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Discussion Starter · #1 ·
Hi, as an owner of a blue G-056, my battery recently died. So, being a rational person, I took it in for a battery replacement.

Big mistake.

Now the buttons are all wrong, and it seems as though it's been flipped around so that the C button is now B, etc. I tried fixing it, but I ended up accidentally popping the watch part out of the case o| but put it back together (thank God for the wiki for help!) and now it doesn't boot up. I really hope it's the touch AC/battery thing that's needed.

How badly am I screwed? What went wrong?

Thanks in advance for any tips and such.

Oh and hi, I'm the new guy. :)
 

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Welcome! :)

Probably just a reset problem - it doesn't always work first time.
 

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Welcome to the forum.
 

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Welcome to the forum. :-!

Try the reset like suggested. Make sure you don't lose the little alarm spring. If it is really broke, you can try sending it to Casio for replacement. And you should probably try to get a refund for the incompetent battery replacement (or at least yell at them). I hope it works out for you.
 

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Discussion Starter · #5 ·
Oh good. Fortunately I haven't lost the spring (yet) so I'll try again!

Worst case scenario, I buy a new G-Shock (eyeing one on Amazon for 36USD + free shipping.) :D
 

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Hi KinkoftheRing,

Didnt you put the module upside down in the case? I have seen strange things, but button functions move from one to the other button is new to me.

Maybe there is something else wrong. The case buttons push agains metal strips, which touch a contact on the module. Maybe one of those buttons has slipped under the metal strip, causing another button to work.

If you look from above on the module, when it is in the case (back and rubber back protector removed), you can see the four buttons. I haven't opened a G-056 yet, but I think it's the same as all G-Shocks I have opened. If I'm correct you should see the buttons on the inside of the case making contact to the metal strip. Sometimes you see the buttons from the case under the metal strip. Often the module also lies a bit higher in the case, because the metal strip is pushed upwards by the button. If you take a sewing pin or a needle, you can push the metal strip a little inward an the module will fall i it's place. The button now makes contact on the outside of the metal strip and your buttons should work fine.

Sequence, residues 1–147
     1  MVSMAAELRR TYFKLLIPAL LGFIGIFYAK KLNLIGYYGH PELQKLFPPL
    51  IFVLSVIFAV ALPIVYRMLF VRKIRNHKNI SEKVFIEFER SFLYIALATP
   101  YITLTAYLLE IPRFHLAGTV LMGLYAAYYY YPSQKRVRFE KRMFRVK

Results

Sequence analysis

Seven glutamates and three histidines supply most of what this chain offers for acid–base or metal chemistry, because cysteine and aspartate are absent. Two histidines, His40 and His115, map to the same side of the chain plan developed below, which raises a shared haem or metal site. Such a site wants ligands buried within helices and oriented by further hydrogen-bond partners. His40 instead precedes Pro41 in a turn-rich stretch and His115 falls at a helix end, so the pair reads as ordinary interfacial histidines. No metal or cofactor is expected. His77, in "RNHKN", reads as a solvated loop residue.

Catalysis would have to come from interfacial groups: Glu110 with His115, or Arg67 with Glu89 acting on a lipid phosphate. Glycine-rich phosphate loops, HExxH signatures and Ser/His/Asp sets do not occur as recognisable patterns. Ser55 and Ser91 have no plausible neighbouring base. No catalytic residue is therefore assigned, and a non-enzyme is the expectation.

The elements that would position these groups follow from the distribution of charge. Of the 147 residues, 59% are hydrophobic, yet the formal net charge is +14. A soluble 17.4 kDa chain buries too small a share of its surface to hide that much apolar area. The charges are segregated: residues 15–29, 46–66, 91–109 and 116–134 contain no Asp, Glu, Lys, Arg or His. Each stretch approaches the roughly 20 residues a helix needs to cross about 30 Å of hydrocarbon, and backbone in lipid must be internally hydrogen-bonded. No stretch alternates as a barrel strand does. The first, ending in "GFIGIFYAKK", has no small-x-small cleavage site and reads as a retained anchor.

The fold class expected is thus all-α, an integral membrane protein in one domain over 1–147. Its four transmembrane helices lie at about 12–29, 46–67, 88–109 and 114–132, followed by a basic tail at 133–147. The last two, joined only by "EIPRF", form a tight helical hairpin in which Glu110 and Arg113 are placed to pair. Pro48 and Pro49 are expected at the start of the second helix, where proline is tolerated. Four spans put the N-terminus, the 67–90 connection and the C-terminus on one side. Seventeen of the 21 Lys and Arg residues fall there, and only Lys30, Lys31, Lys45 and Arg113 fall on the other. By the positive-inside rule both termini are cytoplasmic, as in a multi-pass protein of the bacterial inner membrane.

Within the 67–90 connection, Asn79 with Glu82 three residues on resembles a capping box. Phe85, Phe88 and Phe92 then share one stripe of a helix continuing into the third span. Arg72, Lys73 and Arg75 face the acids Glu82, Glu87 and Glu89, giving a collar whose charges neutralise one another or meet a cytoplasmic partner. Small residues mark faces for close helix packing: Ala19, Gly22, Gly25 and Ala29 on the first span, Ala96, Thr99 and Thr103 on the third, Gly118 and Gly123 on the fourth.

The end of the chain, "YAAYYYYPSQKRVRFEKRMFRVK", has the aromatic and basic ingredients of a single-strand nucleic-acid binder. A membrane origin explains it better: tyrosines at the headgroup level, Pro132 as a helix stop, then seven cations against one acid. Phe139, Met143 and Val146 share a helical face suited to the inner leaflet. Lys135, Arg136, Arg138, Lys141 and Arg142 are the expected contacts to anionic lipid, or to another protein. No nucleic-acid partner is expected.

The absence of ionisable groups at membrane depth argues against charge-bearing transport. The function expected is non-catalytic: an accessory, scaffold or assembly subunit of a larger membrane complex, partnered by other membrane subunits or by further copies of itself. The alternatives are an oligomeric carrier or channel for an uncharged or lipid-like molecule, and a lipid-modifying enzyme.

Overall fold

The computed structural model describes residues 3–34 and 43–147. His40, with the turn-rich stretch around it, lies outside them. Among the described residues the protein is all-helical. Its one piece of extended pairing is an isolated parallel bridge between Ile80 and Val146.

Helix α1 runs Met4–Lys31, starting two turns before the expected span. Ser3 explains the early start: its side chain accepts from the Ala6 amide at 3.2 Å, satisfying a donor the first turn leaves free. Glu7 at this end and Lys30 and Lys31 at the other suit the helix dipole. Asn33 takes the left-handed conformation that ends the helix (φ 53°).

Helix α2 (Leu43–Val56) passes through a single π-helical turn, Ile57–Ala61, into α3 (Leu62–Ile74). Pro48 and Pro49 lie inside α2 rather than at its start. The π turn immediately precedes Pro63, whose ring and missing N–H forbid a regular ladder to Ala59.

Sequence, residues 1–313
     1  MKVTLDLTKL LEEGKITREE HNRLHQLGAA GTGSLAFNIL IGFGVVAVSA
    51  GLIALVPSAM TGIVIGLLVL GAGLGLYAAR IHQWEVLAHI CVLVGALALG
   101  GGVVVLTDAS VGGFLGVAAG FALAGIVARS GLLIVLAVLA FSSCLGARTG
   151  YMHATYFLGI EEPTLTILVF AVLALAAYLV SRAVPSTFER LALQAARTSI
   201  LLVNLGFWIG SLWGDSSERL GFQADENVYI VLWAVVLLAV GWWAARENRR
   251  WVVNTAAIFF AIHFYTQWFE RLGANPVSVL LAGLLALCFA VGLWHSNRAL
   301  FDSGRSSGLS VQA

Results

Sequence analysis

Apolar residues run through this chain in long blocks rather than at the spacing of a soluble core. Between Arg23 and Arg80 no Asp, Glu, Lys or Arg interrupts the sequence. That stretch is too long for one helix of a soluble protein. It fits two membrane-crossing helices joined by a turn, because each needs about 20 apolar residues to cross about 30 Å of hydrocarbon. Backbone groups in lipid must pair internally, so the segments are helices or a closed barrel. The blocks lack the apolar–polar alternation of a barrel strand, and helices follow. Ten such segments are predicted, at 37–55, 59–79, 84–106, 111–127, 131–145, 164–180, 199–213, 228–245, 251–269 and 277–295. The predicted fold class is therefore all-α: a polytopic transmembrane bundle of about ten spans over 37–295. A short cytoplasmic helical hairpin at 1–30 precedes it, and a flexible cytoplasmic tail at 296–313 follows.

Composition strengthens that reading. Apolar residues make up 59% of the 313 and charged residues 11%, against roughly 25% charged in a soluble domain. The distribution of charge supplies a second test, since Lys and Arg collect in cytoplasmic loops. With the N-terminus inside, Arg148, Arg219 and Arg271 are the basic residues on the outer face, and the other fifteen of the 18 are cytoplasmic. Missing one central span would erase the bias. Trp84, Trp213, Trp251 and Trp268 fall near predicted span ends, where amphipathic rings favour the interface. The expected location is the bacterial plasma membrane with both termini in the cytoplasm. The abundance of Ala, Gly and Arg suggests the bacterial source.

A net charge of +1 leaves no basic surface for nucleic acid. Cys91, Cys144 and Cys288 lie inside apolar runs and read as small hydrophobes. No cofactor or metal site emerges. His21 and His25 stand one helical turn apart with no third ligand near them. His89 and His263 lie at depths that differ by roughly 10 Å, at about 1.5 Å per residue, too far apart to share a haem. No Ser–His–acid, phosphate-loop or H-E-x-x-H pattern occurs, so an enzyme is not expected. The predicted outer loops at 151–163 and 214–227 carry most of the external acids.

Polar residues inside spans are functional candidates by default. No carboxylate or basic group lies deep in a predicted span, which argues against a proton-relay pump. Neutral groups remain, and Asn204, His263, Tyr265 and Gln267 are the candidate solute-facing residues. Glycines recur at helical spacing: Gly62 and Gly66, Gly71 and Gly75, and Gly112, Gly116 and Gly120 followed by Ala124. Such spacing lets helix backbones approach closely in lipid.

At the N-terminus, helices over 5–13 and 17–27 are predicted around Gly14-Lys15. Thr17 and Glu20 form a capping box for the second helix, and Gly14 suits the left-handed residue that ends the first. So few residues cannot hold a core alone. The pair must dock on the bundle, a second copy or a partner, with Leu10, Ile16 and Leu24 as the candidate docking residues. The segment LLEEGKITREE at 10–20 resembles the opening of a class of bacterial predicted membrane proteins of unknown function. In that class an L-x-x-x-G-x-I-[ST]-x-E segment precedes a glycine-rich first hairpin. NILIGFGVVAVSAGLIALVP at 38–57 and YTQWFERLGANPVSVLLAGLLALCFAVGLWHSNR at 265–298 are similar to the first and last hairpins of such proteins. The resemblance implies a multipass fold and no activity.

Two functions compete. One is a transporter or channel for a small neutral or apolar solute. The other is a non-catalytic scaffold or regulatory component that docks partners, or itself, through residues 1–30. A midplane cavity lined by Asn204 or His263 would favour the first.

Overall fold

Cheers,

Sjors
 

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Discussion Starter · #7 ·
Great news!

It turns out it was merely a reset thing - I took it apart and reset it using nothing more than a Leatherman pocket tool and broken Obama pin (foreshadowing something? :D) It works like new now.

Why the buttons did what they did is still a mystery - the screen was still in the right direction, but they did the wrong things - I'm guessing it wasn't reset right.

:thanks for the advice!

edit- Yes, Sjors, it is exactly as you described. The watch module is pressing against the metal strip(s) connected to the buttons.
 

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Hi, as an owner of a blue G-056, my battery recently died. So, being a rational person, I took it in for a battery replacement.

Big mistake.
just a little reminder: being a rational person often means to swim against the stream. in this case it means next time do it yourself in the first place, as you just learned the hard way ;-)


regards, holger
 

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just a little reminder: being a rational person often means to swim against the stream. in this case it means next time do it yourself in the first place, as you just learned the hard way ;-)
I totally agree. When I first went ahead to change my MRG-1000's battery, I was really p***ed to see the metal tounge that sticks out from the module to touch the case back bent, presumably by the watchmaker at one of the few shops that actually sold MRGs in Germany and who charged me 12€ for doing so.

I've come to the conclusion that I don't need to pay someone to ruin my watches. So there's not much to lose while doing it myself... ;-)
 
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